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By Dale Roberts
When I heard that Twopence to Cross the Mersey was coming to the Royal Court Theatre, I knew very little of its back story. I remember I found out from my barber, Alan, who told me that he had seen it advertised and was excited to see it again. He went into the details of the story, set and costumes and explained how it was the best play he has ever seen.
I went to watch the Helen Forrester play, based on her autobiographical book, with high expectations. Expecting to be touched and moved. This is a story of real despair in one of the darkest parts of modern history. It is set in the great depression, in the aftermath of the Wall Street crash which cost so many people in the West their jobs, houses and their lives. This led to a real time of depression and also political extremes due to people desperately reaching out for some sort of hope.
This play picks up on that desperate time and you really do feel it. At points you almost feel like shouting at the cast to help them in some sort of way. However, this isn’t the type of production that I have come to be accustomed to at the Royal Court. The usual fast, snappy, funny and ‘scouse’ aspects aren’t as present as you would normally find in the wonderful cabaret theatre.
At points it’s a slow burner, the first act throws us into the story with the character delivered narration throughout which tries to speed up the story, but ultimately still makes it feel slow. The family of 8 is quite regularly implied but we only ever see four members and a blanket, all the while, different characters are introduced to us, to the point where it can be quite difficult to work out what character you are now watching.
They are the only negatives I can say about a wonderful story and production such as this. The fact that this is a real life story makes you feel desperate to find out whatever happened to Helen and her family, it makes you want to pick up the book it is based on and read it. Helen is played by the fantastic Maria Lovelady who delivers a character that is full of all the youth of a 13/14 year old, but simultaneously shows all the signs of a young lady who is thrown into a desolate situation and forced to grow up. Maria delivers the character perfectly.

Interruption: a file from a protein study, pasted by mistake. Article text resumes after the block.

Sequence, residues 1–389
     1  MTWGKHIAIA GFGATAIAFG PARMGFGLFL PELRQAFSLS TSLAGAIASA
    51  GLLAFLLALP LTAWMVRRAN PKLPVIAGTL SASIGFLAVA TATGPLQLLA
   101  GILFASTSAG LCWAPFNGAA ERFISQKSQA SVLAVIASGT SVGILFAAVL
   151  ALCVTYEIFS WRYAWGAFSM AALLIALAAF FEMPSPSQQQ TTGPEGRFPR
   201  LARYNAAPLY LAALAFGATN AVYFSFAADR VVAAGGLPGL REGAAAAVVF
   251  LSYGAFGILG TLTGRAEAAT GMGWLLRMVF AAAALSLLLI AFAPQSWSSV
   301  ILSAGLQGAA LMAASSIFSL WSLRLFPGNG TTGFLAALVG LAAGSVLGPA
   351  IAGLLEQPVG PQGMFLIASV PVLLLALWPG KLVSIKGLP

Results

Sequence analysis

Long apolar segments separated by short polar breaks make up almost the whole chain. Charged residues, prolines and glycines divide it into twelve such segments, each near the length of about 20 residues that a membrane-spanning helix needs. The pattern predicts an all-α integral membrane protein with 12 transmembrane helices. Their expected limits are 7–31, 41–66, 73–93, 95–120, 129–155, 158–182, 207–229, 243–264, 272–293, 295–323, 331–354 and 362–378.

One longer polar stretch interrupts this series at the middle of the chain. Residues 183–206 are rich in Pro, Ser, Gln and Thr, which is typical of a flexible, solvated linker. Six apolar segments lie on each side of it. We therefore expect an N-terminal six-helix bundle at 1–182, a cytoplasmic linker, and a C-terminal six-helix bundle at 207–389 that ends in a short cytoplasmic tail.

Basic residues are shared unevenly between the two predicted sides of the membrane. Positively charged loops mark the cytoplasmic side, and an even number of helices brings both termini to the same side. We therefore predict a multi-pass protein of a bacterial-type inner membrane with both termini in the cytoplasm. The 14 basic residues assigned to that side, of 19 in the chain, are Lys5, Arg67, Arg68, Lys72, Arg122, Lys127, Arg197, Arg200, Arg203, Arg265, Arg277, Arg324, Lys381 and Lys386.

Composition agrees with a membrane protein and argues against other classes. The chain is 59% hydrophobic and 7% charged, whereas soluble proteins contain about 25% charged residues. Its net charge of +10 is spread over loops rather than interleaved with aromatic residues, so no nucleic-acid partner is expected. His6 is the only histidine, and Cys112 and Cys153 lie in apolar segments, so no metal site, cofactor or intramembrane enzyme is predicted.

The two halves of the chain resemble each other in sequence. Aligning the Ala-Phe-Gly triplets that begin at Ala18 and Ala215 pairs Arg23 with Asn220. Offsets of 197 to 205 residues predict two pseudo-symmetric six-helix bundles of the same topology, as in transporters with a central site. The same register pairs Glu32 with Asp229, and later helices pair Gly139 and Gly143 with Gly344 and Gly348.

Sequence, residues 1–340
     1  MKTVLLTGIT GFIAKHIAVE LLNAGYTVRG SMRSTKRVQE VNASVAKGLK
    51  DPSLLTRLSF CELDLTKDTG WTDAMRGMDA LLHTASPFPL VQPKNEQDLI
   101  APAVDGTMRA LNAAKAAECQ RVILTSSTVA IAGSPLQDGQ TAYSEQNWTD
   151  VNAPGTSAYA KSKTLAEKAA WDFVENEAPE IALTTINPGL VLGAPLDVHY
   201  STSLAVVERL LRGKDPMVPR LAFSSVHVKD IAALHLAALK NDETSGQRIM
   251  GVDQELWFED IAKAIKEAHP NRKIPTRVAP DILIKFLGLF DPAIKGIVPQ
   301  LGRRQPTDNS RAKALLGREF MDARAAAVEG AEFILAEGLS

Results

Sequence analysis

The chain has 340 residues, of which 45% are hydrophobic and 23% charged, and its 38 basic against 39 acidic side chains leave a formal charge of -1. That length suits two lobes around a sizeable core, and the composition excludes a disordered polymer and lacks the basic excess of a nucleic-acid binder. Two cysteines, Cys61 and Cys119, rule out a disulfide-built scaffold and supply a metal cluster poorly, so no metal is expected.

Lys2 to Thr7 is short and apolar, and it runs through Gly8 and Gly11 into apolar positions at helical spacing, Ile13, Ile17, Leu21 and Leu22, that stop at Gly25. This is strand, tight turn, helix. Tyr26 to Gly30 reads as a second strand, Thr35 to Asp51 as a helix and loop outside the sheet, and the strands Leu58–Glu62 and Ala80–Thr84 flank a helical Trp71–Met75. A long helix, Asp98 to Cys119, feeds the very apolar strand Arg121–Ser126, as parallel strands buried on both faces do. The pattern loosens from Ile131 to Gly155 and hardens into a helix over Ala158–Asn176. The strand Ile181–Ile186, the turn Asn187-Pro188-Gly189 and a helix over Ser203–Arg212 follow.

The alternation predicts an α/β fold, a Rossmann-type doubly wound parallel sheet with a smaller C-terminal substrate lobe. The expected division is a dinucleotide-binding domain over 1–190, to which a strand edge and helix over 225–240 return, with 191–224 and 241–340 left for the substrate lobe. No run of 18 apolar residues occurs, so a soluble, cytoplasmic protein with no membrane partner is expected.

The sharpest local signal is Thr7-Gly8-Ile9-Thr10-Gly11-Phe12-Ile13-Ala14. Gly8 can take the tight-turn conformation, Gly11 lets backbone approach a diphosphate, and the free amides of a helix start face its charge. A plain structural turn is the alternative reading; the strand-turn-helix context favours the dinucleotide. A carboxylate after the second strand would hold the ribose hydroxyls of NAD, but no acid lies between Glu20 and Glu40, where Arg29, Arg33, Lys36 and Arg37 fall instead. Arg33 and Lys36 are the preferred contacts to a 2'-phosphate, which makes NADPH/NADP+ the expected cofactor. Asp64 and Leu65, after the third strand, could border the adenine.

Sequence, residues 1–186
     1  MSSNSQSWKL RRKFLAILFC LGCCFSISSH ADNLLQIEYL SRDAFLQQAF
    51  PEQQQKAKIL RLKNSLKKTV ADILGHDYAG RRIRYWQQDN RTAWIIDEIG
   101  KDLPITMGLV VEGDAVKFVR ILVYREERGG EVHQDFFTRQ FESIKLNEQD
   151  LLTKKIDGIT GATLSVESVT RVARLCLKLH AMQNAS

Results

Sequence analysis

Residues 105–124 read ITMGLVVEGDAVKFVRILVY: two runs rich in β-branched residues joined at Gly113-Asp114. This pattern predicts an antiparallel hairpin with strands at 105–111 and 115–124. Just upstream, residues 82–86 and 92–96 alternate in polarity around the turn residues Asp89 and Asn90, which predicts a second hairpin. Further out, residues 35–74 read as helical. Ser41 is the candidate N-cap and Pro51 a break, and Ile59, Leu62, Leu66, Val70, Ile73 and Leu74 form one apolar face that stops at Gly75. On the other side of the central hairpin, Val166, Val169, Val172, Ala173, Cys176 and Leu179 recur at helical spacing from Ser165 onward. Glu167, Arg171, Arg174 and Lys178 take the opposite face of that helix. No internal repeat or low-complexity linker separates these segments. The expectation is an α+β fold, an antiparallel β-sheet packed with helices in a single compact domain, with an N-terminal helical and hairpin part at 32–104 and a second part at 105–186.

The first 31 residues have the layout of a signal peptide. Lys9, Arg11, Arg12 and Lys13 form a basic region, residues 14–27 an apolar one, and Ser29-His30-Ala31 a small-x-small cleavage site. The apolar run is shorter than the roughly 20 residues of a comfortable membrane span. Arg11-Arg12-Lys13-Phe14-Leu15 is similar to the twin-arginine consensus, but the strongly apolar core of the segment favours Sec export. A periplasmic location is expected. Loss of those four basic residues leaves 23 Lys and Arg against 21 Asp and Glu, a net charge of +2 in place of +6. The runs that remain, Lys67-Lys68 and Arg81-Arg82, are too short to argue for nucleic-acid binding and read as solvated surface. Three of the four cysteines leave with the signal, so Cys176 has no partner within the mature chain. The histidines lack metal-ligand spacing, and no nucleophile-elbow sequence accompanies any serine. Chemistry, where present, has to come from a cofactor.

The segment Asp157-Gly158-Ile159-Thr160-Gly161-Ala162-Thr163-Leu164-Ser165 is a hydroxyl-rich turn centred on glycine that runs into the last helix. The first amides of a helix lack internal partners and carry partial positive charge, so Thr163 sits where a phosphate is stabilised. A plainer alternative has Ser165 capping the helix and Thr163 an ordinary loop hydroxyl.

One thing all the audience will notice is the relationship between the parents and Helen, their daughter. I have never disliked a character more on the stage than that of Helens mother, which is a credit to Emma Dears who plays her role perfectly. It will sit horribly with us all that while the rest of the family gets more and more shabby and dirty throughout, she stays pristine in her expensive coat. While the family struggle to eat, she refuses to sell her pointless valuable possessions. It’s heart breaking that while her daughter wants an education, she treats her with distain and selfish disgust. I have never seen a worse character in any story, which is a high accolade to hold.
A special mention must be reserved for the fantastic Eithne Brown however, who not only plays all of her parts so well, but she brings much needed hope to situation so bleak that it hurts the audience to watch at points. When the family is breaking apart, the babies are close to starving, no hope is to be found – suddenly a character pops up who can deliver a look to the audience and bring the house down laughing. It takes a special actress to do that, and Eithne is one of a kind in being that actress. It is good script writing to know when to deliver her much needed lines.
Jake Abraham, Roy Carruthers, Tom Cawte and Phil Hearne complete a cast that is abundant in acting talents. This production is a seriously good drama that must be seen. If not for appreciation of a dark point in world history, watch it for the superb acting talents on offer during this truly moving, emotional and powerful true story. 8/10
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